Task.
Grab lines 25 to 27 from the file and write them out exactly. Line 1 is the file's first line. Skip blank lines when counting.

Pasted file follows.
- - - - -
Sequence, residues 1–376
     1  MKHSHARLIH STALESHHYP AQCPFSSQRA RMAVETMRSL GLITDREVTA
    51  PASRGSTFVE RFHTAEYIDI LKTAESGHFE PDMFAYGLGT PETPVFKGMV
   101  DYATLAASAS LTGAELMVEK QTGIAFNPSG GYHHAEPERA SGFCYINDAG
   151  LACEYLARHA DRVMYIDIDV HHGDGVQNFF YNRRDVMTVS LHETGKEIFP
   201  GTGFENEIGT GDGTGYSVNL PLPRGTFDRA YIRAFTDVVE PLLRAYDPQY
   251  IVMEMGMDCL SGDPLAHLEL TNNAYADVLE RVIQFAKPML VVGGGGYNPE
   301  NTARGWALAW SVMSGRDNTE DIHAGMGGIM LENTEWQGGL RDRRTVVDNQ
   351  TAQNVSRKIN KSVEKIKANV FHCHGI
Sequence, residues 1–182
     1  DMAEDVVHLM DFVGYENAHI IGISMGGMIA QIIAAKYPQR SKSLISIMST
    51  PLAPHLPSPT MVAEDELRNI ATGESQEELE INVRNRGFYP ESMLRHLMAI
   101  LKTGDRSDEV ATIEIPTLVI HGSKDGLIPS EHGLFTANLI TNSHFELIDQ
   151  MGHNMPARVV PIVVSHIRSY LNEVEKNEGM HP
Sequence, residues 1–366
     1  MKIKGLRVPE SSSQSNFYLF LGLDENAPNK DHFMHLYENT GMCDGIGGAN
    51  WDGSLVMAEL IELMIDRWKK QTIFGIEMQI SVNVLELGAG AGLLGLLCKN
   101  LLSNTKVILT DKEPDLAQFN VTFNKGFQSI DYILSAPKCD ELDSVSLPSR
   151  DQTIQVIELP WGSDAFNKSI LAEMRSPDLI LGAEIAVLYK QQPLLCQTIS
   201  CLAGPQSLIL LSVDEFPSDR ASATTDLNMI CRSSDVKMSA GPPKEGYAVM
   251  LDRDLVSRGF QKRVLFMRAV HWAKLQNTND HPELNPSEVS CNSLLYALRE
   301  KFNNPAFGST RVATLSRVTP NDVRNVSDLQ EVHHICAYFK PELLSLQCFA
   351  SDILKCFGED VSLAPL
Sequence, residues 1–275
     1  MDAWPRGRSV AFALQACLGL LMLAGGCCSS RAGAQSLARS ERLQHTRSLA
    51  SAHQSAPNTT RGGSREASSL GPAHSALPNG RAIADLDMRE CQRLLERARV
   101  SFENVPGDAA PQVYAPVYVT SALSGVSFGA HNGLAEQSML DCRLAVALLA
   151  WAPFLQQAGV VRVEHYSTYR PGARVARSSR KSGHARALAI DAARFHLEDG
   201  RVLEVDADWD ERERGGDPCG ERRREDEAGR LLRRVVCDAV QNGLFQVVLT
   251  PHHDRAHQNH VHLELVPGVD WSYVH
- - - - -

     1  MDAWPRGRSV AFALQACLGL LMLAGGCCSS RAGAQSLARS ERLQHTRSLA
    51  SAHQSAPNTT RGGSREASSL GPAHSALPNG RAIADLDMRE CQRLLERARV
   101  SFENVPGDAA PQVYAPVYVT SALSGVSFGA HNGLAEQSML DCRLAVALLA